A group of churches challenging Gov. Kate Brown’s executive orders on the state’s response to COVID-19 filed their legal arguments with the Oregon Supreme Court on Friday.
The churches oppose orders that have mandated social distancing and required businesses to close. Many of those orders already have relaxed, as most counties in the state have started the phased process of reopening.
"Even when responding to the most extreme emergencies, the Governor of Oregon cannot exceed prescribed limits on his or her emergency powers," Ray Hacke, attorney for the churches, wrote in his brief filed with the court. "In this case, the [church's] constitutionally protected freedoms of religion and assembly have been sharply curtailed, if not prohibited outright ... ."
The churches argue Brown has exceeded her authority, saying her executive orders are limited to 28 days unless she asks for an extension from the Legislature.
Kevin Mannix, president of the nonprofit Common Sense for Oregon, doesn’t represent the churches directly, but supports their efforts. He has said he plans to file a brief with the court.
Speaking to reporters Friday, Mannix said the law gives the governor sweeping powers under public health emergencies.
“She has some very powerful tools at her disposal, that tell people to stay home, close school, tell people they can’t go to church, but only for 28 days, and those 28 days expired on April 6,” Mannix said.
Brown's orders currently allow for fewer than 25 people to gather in houses of worship.
The Oregon Department of Justice, which is representing the governor, argues the law clearly supports Brown's actions.
The fight over religious assembly began Monday, when a Baker County Circuit Court judge issued a preliminary injunction in favor of the churches, effectively tossing out more than 20 of Brown's orders. Hours later, the Oregon Supreme Court issued a stay, blocking the judge's injunction. Now, the Supreme Court is poised to decide whether the executive orders can legally remain in place.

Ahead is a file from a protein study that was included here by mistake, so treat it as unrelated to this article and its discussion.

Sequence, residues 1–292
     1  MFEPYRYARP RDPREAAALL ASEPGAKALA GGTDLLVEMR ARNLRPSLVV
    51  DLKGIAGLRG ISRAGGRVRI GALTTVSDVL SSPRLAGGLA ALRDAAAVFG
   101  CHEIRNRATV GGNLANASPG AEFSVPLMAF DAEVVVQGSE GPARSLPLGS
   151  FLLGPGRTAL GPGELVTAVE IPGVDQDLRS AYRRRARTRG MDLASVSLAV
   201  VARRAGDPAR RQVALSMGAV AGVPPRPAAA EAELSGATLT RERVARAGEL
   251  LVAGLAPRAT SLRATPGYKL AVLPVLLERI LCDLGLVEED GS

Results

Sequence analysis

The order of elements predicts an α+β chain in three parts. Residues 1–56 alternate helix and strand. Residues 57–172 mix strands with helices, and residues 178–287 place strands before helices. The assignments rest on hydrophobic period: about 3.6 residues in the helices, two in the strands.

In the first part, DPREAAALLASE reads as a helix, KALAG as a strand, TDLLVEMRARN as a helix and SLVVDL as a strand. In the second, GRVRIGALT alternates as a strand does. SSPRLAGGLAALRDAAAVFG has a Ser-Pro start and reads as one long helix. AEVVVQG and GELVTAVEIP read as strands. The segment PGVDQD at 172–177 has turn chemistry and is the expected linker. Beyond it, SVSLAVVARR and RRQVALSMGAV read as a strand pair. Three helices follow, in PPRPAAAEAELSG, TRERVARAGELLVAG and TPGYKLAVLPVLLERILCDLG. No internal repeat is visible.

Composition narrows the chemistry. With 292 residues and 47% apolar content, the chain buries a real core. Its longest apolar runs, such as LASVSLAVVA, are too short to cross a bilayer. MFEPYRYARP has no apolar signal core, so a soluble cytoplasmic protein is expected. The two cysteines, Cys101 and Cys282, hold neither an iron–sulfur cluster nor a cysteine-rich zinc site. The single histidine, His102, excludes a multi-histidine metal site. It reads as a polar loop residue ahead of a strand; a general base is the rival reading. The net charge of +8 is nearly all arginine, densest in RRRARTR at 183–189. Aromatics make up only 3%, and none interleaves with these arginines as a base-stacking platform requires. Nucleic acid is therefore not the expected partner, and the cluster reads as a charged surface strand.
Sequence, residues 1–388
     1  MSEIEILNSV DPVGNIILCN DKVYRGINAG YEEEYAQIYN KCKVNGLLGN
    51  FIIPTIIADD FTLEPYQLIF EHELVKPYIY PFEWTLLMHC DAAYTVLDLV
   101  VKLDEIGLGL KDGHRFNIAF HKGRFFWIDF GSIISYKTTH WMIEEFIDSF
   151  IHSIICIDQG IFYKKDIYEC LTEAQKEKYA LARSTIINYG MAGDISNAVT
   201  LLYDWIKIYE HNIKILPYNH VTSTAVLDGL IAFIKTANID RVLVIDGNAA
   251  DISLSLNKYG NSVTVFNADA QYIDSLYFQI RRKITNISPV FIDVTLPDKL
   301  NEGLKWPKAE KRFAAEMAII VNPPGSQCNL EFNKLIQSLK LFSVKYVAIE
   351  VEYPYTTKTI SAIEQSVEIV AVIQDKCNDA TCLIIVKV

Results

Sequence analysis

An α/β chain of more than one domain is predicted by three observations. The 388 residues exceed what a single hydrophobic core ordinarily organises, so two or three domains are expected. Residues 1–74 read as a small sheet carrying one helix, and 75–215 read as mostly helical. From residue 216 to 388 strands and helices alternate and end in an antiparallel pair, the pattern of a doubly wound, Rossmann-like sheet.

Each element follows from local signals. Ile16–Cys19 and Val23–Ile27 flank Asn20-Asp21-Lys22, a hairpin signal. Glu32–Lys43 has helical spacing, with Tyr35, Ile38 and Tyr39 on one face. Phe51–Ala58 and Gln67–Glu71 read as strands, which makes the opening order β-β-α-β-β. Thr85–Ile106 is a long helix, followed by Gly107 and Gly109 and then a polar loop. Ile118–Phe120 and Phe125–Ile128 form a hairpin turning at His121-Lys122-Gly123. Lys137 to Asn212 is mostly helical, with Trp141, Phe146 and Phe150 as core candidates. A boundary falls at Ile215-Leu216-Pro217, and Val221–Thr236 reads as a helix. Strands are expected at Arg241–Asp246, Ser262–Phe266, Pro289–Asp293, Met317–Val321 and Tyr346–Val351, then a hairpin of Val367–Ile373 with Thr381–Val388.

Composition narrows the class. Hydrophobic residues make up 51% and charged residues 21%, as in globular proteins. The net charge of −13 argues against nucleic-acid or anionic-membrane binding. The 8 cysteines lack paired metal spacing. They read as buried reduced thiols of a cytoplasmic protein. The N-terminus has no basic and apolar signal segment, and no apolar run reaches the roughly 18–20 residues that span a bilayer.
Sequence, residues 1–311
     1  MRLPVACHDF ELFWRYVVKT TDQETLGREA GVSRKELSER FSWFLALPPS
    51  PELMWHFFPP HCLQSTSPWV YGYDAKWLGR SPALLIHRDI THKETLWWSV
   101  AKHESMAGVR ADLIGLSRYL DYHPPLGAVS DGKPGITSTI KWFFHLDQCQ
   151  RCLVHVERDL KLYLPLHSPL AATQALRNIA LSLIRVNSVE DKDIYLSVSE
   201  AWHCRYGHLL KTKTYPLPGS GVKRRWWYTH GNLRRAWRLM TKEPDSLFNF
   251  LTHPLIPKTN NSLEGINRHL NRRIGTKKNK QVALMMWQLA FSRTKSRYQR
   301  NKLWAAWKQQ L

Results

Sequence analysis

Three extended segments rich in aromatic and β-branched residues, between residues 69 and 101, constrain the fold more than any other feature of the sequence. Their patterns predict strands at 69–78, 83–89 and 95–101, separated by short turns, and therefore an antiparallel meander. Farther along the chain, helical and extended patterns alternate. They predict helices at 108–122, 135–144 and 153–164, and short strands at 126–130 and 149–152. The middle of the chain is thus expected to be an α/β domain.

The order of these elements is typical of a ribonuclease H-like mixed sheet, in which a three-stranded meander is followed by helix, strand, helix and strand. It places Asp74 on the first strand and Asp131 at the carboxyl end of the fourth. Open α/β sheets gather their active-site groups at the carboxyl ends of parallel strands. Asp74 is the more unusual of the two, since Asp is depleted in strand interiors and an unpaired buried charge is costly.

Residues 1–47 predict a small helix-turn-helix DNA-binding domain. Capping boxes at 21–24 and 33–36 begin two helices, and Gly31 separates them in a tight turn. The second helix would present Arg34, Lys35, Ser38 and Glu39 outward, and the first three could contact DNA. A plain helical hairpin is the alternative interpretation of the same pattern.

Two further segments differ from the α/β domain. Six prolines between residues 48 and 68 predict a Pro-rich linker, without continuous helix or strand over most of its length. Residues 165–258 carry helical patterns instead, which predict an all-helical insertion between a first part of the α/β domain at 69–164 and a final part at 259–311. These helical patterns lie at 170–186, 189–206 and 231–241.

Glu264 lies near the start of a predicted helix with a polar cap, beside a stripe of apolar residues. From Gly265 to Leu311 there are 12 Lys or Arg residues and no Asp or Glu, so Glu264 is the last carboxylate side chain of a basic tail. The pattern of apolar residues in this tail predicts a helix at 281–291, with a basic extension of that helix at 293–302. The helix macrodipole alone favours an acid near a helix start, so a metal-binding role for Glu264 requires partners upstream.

The Oregon Association of Nurses weighed in on the case with a brief Friday, arguing the law supports Brown’s actions, and that the executive orders have slowed COVID-19 from spreading. Furthermore, the nurses argue, removing restrictions completely would dramatically increase the public health risks.
“Oregon has fared better than most states largely as a result of the State Emergency Executive Orders that are the subject of this case,” the nurses association said in its brief. “The consensus of the health care community is that there is an imminent and apparent need for a continued cautious approach to re-opening, not a precipitous removal of restrictions.”
The Oregon Nurses Association also wrote about their ongoing lack of protective equipment, and referenced churches in Texas and Georgia that reopened this month only to suspend services indefinitely after leaders and members tested positive for the virus.
“The congregants of those churches had been using the distancing methods alleged to be sufficient by plaintiffs and the trial court in this case,” the nurses association said.
On Friday, President Trump deemed places of worship essential and called on governors to reopen houses of worship this weekend.
“The governors need to do the right thing and allow these very important, essential places of faith to open, right now, for this weekend,” Trump said from the White House Briefing Room.
Mannix said Trump’s remarks were appreciated, but added he didn’t think they would have any bearing on the case before the Supreme Court.
“It’s important for all of our public officials to remember that freedom of religion has a very special place in the American Constitution,” he said. “I’m pleased to hear him speaking out on this and I hope the governors pay attention.”
The Supreme Court has wide discretion and could rule at any time.